Essays

Pleasure of Pain

Pain internalizes the here and now so that other problems become secondary. You could see it as a meditation to meet the body with the mind on an expanded level.

By Anne Lomberg on December 5, 2023

Also available in German
Lust am Schmerz

Throughout their lives, many people discover certain sexual tendencies that stand out, let’s say, from the mainstream experience. These tendencies are usually unleashed by fantasies, stories, visual stimuli, or even encounters, so the curiosity to live such an experience becomes ever greater. BDSM is probably one of the most well-known sex practices, which has fascinating and, at the same time, off-putting components, at least if you realize that you feel particularly comfortable in this terrain and don’t know how to integrate special preferences into everyday life; since BDSM lovers are partly stigmatized when it comes to finding pleasure in masochistic and sadistic types of play. Prejudices such as “They’re all traumatized otherwise, they wouldn’t let themselves be beaten or feel satisfaction when they torture someone” are, in my opinion, just excuses to avoid having to deal with the matter in greater depth. Because one thing is certain, psychological and/or physical pain can be a real source of pleasure, even a booster, and acting out as a self-chosen submissive can trigger enormous feelings of freedom.

In this article, I would like to focus more on the role of the sub because they are the ones who perceive and enjoy the pain on their own body, while the dom or dominatrix enjoys the infliction of pain.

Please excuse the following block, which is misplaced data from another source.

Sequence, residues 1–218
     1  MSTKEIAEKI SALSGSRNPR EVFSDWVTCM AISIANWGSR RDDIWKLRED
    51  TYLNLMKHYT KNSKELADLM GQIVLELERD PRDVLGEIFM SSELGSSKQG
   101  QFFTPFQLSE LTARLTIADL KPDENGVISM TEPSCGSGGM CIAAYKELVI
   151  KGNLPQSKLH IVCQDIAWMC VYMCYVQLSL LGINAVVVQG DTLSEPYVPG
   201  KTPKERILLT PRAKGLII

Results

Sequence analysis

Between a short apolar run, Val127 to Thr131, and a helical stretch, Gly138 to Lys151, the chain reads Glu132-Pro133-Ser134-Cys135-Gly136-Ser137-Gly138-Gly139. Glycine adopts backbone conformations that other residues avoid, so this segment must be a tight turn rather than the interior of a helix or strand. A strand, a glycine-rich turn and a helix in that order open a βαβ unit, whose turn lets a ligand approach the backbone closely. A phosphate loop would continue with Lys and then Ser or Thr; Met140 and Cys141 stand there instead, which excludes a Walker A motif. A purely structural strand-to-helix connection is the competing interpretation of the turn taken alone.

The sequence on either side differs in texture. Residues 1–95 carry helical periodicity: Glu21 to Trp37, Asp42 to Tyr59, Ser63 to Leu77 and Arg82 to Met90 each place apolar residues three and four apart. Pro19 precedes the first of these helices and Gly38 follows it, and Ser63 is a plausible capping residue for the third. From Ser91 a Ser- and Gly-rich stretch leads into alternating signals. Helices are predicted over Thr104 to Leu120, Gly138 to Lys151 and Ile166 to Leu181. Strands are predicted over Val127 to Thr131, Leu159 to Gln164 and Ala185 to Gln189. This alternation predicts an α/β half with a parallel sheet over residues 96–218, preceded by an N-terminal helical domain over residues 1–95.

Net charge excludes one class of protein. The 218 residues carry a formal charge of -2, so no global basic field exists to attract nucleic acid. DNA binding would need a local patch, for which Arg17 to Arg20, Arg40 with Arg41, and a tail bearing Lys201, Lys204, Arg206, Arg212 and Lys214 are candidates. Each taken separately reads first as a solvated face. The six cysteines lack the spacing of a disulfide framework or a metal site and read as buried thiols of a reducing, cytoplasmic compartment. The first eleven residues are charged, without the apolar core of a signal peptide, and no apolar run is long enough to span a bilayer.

Trauma and pain

The desire for pain can be based on a traumatic history, but it is not a basic requirement. Very early on, psychosexual development is in full swing as a result of events in childhood, even if we can’t remember anything about them. These events do not always have to be associated with sexual abuse. Still, they can be psychological triggers, such as a mother or father figure who was very dominant, absent, cold, or perhaps rejecting. As a result of these painful experiences, which may linger unconsciously or consciously, we embark on a journey, one we call Identity search, to explore and develop our personality. BDSM offers an ideal playful setting to reconstruct the events associated with a traumatic experience, namely to overcome past traumas by reliving actions under controlled and safe conditions. Pain, whether physical or psychological, is, therefore, a catalyst that is perfect for confronting trauma and learning to live with it instead of ignoring it.

As for the role of the sub, we often think that she takes the passive part and all the pain and humiliation, but she is the one who controls what happens and what doesn’t happen during the sessions. A feeling of empowerment that can have an incredibly healing effect if she or he is aware of the traumatic experiences and has thus discovered an outlet to deal with it in a playful setting. But be careful because, for some, the traumatic events may be too extreme, so pain experiences can also have the opposite effect; instead of freedom and pleasure, a feeling of emptiness and lovelessness is added that reactivates the trauma as such. In a protected setting, boundaries are respected, and trust is restored, which is particularly important for people who have had a traumatic experience. The pain helps to feel better or to feel again.